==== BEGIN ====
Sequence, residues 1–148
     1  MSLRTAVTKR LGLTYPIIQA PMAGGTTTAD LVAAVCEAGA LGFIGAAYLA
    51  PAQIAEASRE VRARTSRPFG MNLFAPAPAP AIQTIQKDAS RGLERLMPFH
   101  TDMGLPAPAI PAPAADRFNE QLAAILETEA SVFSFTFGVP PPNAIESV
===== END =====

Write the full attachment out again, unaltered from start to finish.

Sequence, residues 1–148
     1  MSLRTAVTKR LGLTYPIIQA PMAGGTTTAD LVAAVCEAGA LGFIGAAYLA
    51  PAQIAEASRE VRARTSRPFG MNLFAPAPAP AIQTIQKDAS RGLERLMPFH
   101  TDMGLPAPAI PAPAADRFNE QLAAILETEA SVFSFTFGVP PPNAIESV